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Hepatitis B
What is Hepatitis B?

Hepatitis B is the third most common infection contracted in travellers. It is a disease that effects the liver, and is 100 times more infectious than HIV so preventative measures really should be taken. It is spread from person to person through contact with bodily fluids.

After contracting the disease, many people won't have any symptoms but those who do will have a general feeling of being unwell and flu-like symptoms such as headache, muscle aches etc. At this stage many recover from the disease, however some go on to develop abdominal pain and jaundice which can last for up to eight weeks. At this point of infection, a person will either produce antibodies to the virus and be able to fight the illness, or go into full liver failure, which can result in death.

Who is at risk of Hepatitis B?

Hepatitis B is a worldwide issue, and can also be found within the UK. Some areas have a higher contraction rate than others, such as Tropical Africa, South America, Southeast Asia, China and the Pacific basin.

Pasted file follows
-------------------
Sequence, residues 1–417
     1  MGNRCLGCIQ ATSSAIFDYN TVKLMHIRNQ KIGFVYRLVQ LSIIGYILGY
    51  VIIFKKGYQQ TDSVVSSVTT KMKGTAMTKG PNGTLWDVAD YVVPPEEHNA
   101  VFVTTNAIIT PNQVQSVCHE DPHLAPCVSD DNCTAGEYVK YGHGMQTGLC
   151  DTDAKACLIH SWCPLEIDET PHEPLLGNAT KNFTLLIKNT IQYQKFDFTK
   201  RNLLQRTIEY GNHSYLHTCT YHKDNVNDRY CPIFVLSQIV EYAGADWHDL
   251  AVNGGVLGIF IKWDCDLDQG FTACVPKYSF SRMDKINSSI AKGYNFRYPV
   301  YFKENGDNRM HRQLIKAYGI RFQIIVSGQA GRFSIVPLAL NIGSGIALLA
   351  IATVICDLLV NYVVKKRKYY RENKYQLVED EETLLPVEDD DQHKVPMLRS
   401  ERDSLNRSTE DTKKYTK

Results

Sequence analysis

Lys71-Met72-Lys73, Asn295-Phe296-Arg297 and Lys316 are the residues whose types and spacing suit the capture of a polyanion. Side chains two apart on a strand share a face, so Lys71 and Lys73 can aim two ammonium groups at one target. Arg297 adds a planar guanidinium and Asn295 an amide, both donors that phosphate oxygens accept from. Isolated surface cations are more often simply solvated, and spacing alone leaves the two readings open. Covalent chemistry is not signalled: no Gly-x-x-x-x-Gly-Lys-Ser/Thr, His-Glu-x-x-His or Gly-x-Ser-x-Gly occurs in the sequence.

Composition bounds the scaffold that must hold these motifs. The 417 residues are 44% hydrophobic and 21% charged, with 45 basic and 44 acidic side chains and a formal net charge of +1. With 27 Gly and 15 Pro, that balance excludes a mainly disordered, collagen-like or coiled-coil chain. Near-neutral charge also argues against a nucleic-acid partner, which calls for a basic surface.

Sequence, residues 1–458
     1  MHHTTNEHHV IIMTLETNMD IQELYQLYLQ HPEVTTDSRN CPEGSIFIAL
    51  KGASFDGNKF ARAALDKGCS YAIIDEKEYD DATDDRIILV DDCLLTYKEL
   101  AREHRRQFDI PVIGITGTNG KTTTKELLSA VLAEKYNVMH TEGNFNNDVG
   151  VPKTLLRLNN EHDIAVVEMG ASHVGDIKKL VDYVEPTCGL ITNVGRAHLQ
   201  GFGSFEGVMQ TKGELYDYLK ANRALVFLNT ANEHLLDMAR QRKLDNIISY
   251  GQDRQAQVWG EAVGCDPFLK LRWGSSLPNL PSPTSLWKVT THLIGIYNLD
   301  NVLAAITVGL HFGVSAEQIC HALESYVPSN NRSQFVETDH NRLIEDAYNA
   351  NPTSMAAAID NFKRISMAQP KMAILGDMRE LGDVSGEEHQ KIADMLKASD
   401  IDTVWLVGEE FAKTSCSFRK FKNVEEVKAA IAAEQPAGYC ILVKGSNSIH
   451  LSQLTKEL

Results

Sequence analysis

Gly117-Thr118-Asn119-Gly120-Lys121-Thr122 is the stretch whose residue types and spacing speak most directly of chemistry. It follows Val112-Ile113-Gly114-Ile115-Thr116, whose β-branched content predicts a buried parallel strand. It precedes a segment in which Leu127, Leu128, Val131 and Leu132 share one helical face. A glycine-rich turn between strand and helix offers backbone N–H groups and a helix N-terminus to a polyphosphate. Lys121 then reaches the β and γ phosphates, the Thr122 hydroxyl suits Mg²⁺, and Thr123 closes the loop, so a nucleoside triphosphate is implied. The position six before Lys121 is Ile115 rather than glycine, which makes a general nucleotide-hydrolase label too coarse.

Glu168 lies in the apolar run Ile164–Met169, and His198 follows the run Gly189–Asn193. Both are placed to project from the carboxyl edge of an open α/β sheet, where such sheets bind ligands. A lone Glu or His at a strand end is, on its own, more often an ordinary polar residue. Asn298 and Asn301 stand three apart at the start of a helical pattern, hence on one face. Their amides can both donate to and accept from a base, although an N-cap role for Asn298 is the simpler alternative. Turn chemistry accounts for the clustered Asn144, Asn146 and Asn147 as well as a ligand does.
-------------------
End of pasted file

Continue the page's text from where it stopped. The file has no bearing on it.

However, some travellers will fall into a high-risk group, who are more likely to contract the virus whether they are in a lower risk region or not. These groups include but is not restricted to:

  • Those in a sexual relationship with more than one person.
  • Drug users who regularly or occasionally use needles as a form of paraphernalia.
  • Those in a same-sex intimate relationship.
  • Those who are planning a tattoo abroad, or have had tattoos from less reputable places.
  • Those planning to undergo medical or dental treatment abroad.
  • Those intending on a prolonged stay in at-risk zones.
  • Those who suffer with chronic medical conditions.
How can I prevent Hepatitis B?

Vaccination is available for both those whose work could place them in danger, or for those who are travelling to an area that us considered a risk of transmission. All travellers whose lifestyle puts them at risk should consider vaccination. The jab is normally free to those whose work puts them in danger, for example health care workers, but there is a small fee for those who are voluntarily seeking the injection. Personal prevention is also essential, such as making sure all sexual activity is protected, and by avoiding tattoos, dental treatment or other practices which involves puncturing the skin within a foreign country or at a place that is not reputable.

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